|Memory Card Slot||Battery Compartment|
So the Olympus Mju Digital 800 is fairly comfortable to hold, easy enough to operate and has a simple to use menu system, but what is it like to actually take a photo? The start-up time from turning the camera on to being ready to take a photo is very quick at 1 second, although it takes about 1 1/2 seconds to zoom from the widest focal length to the longest, and back again, disappointing given that it only has 3x magnification. Focusing is very quick in good light and the camera happily achieves focus indoors or in low-light situations despite the lack of a focus assist lamp. The visibility and refresh rate of the 2.5 inch LCD screen are perfectly acceptable. It takes about 1.5 seconds to store an image, allowing you to keep shooting as they are being recorded onto the memory card - there is no LCD blackout between each image. In the normal continuous shooting mode the camera takes 3 photos at 1.4 frames per second at SHQ quality, not exactly lightning fast. This can be greatly improved by selecting the High speed mode, which allows 16 shots to be taken at 3.7 frames per second, but unfortunately this only works at 2048 x 1536 resolution. All in all the Olympus Mju Digital 800 is above average in terms of operational speed.
Once you have captured a photo, the Olympus Mju Digital 800 has an extensive range of options when it comes to playing, reviewing and managing your images. You can instantly scroll through the images that you have taken, view thumbnails, zoom in and out up to 8x magnification, view slideshows, add an audio clip to each image, delete, protect, resize and rotate an image. A menu option called Red-Eye Fix promises to do exactly what it says, although I found that it didn't actually remove the limited red-eye that occurred in my flash test shots. The Album feature is a great way to show off your photos to friends and family. You can create up to 12 albums on an xD-Picture card with each one containing a maximum of 200 photos. There is a dedicated Album option on the Exposure Mode dial which makes it easy to view them. The Display button toggles detailed settings information about each picture on and off, such as the aperture, shutter speed and ISO rating, and there is a small histogram available during both shooting and playback which is helpful in evaluating the exposure.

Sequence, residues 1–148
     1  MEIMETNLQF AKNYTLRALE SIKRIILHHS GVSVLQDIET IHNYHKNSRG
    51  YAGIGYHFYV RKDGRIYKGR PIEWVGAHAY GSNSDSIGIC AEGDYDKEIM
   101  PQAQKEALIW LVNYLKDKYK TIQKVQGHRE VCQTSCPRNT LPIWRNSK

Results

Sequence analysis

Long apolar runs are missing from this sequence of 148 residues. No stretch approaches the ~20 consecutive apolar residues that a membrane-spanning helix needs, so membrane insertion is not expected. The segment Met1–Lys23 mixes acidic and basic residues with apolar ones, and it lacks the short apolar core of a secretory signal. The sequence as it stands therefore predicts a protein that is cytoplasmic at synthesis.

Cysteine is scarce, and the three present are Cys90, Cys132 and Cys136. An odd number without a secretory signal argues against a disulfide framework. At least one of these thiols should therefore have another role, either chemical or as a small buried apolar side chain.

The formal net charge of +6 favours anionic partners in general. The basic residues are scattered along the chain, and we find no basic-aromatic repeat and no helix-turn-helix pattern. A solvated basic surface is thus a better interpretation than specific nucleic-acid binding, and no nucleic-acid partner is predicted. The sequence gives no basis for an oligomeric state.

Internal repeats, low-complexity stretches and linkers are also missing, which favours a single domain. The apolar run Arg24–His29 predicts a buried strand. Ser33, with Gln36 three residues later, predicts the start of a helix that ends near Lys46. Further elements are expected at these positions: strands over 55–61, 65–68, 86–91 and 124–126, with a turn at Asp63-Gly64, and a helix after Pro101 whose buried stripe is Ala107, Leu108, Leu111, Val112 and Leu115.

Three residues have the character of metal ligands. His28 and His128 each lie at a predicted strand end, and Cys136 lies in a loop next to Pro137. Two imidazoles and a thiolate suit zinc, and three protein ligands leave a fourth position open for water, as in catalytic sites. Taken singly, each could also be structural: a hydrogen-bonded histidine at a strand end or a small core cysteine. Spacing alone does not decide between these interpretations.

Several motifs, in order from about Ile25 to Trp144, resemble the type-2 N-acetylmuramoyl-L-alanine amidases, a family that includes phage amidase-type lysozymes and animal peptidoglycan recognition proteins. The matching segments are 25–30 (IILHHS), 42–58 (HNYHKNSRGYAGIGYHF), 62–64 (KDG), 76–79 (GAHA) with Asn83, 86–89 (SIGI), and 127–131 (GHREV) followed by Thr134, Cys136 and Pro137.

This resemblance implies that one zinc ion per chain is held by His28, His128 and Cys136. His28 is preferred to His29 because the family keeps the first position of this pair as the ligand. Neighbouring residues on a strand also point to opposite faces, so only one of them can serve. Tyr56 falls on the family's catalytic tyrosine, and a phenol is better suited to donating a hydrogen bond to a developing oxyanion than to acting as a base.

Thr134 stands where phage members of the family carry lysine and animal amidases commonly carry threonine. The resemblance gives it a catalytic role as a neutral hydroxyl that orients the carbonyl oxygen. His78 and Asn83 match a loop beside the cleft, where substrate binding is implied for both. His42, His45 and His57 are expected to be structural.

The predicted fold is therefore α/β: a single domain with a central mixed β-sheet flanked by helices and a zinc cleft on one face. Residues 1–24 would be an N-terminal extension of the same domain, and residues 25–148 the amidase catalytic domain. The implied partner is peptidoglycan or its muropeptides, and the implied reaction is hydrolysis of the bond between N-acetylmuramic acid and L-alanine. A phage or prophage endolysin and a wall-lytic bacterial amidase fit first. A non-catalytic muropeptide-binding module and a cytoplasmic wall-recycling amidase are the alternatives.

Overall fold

On the whole the Olympus Mju Digital 800 is a stylish and easy to use digital camera, with a well-designed exterior and menu system, excellent playback options and a few innovative features, some of which are more useful than others.
PhotographyBLOG is a member of the DIWA organisation. Our test results for the Olympus Mju Digital 800 have been submitted to DIWA for comparison with test results for different samples of the same camera model supplied by other DIWA member sites.